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The Spokesman-Review Newspaper
Spokane, Washington  Est. May 19, 1883

Lois Jansson remembered as adventurous, witty

Lois Jansson in a 1921 family photo.
 (Photos courtesy of family / The Spokesman-Review)
Carl Gidlund Correspondent

Lois Jansson was a devout, warm, bright and loving wife, mother, friend and teacher who left to those whom she loved a profound yet often witty history of her adventurous life.

She died Jan. 25 at the age of 85, a victim of the Parkinson’s disease that seized her body eight years ago but never quenched her spirit.

Lois was a Forest Service wife. A native of Enid in Eastern Montana, she married Bob Jansson in October 1941 as they were completing their studies at the University of Montana, she in social work, he in forestry.

Their first assignment was to the Helena National Forest in Montana where, by 1949, he had worked up to ranger of the Canyon Ferry District and she had borne three children, Ruth, Paul and Roger.

On Aug. 5 of that year, Ranger Jansson summoned a planeload of smokejumpers to a smoldering fire in the Gates of the Mountain Wilderness. It was in a ravine named Mann Gulch.

The fire blew up, and 12 smokejumpers and a fireguard from Bob’s district were killed. Jansson, on the lower end of the fire when it crowned, fell unconscious and barely escaped death himself.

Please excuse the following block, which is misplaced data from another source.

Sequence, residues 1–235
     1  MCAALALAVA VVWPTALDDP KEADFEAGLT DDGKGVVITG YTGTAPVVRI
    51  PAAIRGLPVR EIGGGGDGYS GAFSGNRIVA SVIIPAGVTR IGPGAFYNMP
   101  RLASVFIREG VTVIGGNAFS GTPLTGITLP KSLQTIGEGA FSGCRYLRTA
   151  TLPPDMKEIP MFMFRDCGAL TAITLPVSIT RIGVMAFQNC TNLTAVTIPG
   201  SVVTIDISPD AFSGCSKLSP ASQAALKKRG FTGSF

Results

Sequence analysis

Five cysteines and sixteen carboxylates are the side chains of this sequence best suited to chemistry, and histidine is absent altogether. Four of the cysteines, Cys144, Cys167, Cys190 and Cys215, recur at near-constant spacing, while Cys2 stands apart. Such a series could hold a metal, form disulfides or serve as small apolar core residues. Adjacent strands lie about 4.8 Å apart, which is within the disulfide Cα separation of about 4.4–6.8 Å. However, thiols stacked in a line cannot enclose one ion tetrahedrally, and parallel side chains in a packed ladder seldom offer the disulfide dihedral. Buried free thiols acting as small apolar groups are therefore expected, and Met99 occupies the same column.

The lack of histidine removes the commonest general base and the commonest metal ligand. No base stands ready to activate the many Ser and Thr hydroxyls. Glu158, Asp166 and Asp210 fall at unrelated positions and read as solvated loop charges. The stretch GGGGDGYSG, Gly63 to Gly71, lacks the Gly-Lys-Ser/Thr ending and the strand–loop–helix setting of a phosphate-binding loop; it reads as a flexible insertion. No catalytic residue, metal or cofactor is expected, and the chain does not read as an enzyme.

When he recovered, his duties included aiding two jumpers who lived briefly after the blowup, then finding and identifying the horribly burned bodies of the other victims.

Mann Gulch had a profound effect on many lives, including those of the sensitive ranger and his family.

“Bob came home … so tired and unstrung he hardly seemed like the husband and father we knew,” Lois wrote.

Three months later, Ranger Jansson escorted a fire researcher, Harry Gisborne, into Mann Gulch. There, Gisborne died of a heart attack.

All those deaths, accusations from a few of the dead jumpers’ families that the Forest Service was negligent, plus a steady barrage of requests for personally escorted tours of Mann Gulch drove the family from Helena. They transferred to Priest Lake in the spring of 1950.

In a memoir, Lois noted, “Bob’s final act before we drove away from the Helena house was to burn the uniform hat he had worn at Mann Gulch, and the jacket he had been wearing the evening Mr. Gisborne died.”

She recalled in a letter written several years later that, “Priest Lake was primitive, 13 bars and no churches, so we both got lay speakers’ credentials and founded The Priest Lake Community Church.”

Devout Methodists though they were, the Janssons’ congregation included 13 denominations. She wrote, “We found out all the things Protestants can manage to divide over: what type of baptism – sprinkling, pouring or immersion; what kind of Communion and how often; what hymns to sing; what kind of church government to set up; whether to work with the Council of Churches or remain independent; and on and on far into the night of each board meeting.”

They also helped set up the first Camp Fire Girls group and Boy Scout troop in the area.